The Phoenix City Council voted on Sept. 15 to approve an additional $10 million in funding toward the expansion of wireless networks for underserved communities in efforts to close the digital divide.  

Eric Jay Toll, Communications Manager for the City of Phoenix, said in a press release that “more than 250,000 families did not have access or adequate internet speeds to go to school or complete assignments.” 

The digital divide is affecting the Phoenix communities where internet connection is not always available or fast enough, a problem for students learning through digital platforms particularly during the pandemic. 

“As we know when the pandemic hit, students were asked to continue their education digitally from home and many students didn’t have access to the internet and some didn’t even have a computer for use for schoolwork,” District 1 Councilwoman Ann O’Brien said.  

READ ALSO: Cox commits $60 million to close digital gap for low-income youth

“The need is urgent in my district,” said Councilwoman Yassamin Ansari of Council District 7. “We know the digital divide will continue to be an ongoing issue even after the pandemic … Many, many communities stand to benefit from this even though in-person learning is again underway. We would need to make sure that everyone has access.”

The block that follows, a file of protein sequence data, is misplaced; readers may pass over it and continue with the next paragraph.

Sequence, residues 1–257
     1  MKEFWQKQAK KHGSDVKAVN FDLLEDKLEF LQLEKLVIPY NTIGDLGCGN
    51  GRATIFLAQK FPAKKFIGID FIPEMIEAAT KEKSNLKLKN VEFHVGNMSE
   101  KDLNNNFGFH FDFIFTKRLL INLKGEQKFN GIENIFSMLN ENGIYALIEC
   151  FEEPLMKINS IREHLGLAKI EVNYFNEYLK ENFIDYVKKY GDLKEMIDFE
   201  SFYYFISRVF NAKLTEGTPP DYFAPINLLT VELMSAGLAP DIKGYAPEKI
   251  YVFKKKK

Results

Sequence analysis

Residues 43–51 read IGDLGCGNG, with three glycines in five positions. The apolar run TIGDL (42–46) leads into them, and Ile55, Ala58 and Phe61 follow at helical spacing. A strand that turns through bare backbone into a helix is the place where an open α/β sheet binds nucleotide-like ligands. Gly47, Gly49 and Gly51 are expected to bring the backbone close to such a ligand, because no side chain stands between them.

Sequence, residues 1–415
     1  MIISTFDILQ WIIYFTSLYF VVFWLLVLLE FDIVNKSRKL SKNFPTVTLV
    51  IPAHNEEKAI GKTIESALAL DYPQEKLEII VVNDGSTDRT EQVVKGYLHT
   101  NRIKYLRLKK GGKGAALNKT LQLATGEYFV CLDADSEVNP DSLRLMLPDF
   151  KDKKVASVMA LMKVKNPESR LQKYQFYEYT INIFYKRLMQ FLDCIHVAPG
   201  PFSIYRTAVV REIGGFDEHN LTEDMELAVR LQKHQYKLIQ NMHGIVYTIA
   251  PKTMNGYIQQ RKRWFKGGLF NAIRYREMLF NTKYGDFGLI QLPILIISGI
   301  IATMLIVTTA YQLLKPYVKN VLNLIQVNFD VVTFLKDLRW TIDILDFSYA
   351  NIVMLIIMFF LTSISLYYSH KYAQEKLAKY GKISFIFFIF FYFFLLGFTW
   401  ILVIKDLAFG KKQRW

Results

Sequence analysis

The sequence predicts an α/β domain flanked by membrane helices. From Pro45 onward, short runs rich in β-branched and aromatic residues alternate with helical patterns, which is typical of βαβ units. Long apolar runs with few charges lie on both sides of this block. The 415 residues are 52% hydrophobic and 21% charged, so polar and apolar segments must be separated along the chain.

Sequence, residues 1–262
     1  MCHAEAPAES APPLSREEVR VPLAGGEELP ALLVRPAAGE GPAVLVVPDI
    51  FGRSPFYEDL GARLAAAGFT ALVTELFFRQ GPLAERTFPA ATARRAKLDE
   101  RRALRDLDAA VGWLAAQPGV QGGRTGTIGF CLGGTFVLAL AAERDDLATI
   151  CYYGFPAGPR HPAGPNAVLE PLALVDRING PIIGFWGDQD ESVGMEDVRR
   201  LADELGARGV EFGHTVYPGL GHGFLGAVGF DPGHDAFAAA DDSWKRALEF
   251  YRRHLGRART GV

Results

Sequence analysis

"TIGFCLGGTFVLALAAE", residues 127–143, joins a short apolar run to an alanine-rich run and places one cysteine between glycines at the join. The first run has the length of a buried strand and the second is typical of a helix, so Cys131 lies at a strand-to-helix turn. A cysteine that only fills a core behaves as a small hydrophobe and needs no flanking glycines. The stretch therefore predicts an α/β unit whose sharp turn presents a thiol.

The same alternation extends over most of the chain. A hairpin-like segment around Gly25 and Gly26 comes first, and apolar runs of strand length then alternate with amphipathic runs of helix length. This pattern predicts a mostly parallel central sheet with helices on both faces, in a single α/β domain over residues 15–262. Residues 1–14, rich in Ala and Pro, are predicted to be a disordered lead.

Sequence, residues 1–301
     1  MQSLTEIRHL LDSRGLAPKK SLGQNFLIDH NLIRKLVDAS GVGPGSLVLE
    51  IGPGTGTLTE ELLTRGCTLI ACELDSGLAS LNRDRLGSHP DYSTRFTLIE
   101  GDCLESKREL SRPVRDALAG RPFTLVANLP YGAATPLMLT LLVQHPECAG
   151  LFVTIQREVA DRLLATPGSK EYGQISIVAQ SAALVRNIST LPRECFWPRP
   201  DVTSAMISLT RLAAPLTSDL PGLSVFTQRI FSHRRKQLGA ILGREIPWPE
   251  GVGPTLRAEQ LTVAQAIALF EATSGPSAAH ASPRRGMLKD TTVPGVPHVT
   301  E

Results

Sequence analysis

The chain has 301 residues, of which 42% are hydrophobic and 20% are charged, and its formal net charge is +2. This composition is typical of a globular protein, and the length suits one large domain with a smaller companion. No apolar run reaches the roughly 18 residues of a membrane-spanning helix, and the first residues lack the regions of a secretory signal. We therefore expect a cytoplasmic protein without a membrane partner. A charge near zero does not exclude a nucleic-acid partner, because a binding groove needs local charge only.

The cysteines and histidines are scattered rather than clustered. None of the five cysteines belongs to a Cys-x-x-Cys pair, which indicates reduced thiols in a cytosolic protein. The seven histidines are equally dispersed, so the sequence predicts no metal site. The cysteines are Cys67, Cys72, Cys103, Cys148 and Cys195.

Some potential hinderances are struggles to afford internet or lack of resources to laptops or other necessary equipment.

Phoenix tested the wireless expansion program, called Phoenix Digital Education Connection Canopy, over an 18-month period.

The canopy would provide free Wi-Fi for specific things, such as virtual classrooms, conferences, homework assignments and other school-related items for students and parents.  

Councilwoman Laura Pastor is assisting in leading the partnership with Phoenix College in providing the PHX DECC.   

The PHX DECC was aimed to provide a long-term solution in which the service would give a high-speed internet connection in the form of a digital canopy over the school district. 

“I think these are some of the best investments we can make especially with the permanency of this program and the fact that it’s infrastructure that’s going to be here for a long time and for future generations,” Vice Mayor Carlos said.

 “These items are just natural next steps to closing that digital divide amongst our students and residents,” O’Brien said.

Phoenix Union High School District and Alhambra and Cartwright Elementary School District were the first to join the program.  

“Connectivity is so important whether you’re filling out your FAFSA or doing your homework and I’m glad the city of Phoenix can be a partner,” Mayor Kate Gallego said.